Harmony, 1st State
1940, bronze Emile Godard
Why is this work so important?
Harmony was Maillol’s last sculpture. Approaching 80, he continued to explore new avenues. For the very first time he was to execute a statue entirely from nature. That meant he would sculpt a real model posing in front of him.
Maillol was not at all familiar with sculpting after nature. Usually, he worked only from his own imagination. So this was a thrilling and difficult challenge for him. For the first time too, Maillol’s female nude is also a genuine portrait: he has delicately depicted Dina’s features. The artist executed a number of successive versions of this work, which he called “states”, hence the name of the sculpture: Harmony, 1st State. Dina Vierny explained that: “It was simply the same idea executed two or three times, but differently. A sculpture is never unique, it always comes in several states. (…) He had to multiply his thoughts.”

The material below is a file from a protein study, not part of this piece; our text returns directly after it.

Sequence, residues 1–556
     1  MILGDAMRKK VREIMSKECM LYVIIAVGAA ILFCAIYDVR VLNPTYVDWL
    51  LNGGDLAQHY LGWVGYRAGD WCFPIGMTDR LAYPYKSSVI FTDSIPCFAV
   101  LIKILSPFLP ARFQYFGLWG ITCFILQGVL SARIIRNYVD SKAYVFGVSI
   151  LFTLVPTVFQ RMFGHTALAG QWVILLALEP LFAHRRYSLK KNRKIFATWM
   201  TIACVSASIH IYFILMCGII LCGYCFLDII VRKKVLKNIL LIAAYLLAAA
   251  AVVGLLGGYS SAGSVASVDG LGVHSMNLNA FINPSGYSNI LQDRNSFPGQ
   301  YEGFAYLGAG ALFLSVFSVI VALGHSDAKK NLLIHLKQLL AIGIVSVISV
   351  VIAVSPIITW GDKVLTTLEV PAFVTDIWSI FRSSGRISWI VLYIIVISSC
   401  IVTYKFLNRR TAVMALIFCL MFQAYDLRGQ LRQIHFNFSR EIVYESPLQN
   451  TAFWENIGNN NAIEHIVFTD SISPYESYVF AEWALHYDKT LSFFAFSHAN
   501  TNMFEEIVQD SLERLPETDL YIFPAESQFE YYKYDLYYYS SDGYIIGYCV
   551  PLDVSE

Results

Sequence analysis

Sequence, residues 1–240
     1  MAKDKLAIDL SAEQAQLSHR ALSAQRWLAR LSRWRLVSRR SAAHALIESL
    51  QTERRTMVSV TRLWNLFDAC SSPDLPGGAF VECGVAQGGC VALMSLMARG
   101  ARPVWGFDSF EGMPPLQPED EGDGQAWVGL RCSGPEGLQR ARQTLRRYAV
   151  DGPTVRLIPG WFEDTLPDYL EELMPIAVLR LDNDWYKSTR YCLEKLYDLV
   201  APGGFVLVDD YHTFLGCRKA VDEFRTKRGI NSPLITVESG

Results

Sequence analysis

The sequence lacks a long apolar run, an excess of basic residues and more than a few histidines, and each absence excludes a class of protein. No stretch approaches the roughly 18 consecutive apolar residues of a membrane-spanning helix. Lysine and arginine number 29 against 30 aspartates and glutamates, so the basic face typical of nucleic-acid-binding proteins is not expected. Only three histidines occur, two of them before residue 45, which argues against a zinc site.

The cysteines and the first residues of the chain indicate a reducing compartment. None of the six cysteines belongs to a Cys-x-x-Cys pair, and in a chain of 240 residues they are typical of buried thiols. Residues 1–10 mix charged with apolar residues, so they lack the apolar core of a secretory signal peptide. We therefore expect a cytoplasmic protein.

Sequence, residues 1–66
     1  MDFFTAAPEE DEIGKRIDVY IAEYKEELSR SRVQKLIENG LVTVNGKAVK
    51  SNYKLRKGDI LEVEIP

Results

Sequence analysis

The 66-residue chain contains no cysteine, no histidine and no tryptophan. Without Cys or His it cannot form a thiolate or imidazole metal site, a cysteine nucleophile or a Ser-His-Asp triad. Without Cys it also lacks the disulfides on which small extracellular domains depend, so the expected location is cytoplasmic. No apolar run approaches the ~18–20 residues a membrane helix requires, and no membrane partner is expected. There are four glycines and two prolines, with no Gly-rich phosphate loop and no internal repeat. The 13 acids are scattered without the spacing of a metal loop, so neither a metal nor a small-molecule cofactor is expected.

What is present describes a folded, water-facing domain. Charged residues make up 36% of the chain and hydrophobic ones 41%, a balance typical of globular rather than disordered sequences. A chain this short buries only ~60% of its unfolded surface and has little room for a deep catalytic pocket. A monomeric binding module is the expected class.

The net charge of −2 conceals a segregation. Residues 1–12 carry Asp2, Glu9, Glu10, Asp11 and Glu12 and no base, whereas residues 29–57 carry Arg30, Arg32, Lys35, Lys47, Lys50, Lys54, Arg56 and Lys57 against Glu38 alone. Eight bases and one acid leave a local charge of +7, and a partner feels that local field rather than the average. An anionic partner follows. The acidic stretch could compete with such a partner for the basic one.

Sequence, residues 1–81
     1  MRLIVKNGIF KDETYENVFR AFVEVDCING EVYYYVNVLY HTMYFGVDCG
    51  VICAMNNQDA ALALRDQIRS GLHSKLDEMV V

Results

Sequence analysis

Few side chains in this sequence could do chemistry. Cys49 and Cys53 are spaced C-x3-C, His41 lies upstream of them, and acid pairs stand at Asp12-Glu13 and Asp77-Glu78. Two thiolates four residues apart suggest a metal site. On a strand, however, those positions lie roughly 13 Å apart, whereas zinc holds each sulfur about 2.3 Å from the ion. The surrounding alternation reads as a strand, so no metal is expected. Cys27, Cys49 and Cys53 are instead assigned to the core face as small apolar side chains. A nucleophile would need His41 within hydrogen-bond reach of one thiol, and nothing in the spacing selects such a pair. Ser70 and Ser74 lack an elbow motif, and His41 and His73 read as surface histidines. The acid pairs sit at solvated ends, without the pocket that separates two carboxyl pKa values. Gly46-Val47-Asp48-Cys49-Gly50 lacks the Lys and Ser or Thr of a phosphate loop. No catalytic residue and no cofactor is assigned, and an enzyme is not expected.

Maillol had difficulty in sculpting from life. To produce this work, he repeatedly created, destroyed, and recreated each part of the body. More than anything, the legs were a problem for him. Notice that it is only the right leg that is really supporting the statue.
Did you know?
Completely immersed in his creation, Maillol initially decided to dispense with the statue’s arms because according to him they hide everything. But during the summer of 1944, Maillol was fatally injured in a car accident. This last sculpture, which he had worked on for four years, is unfinished.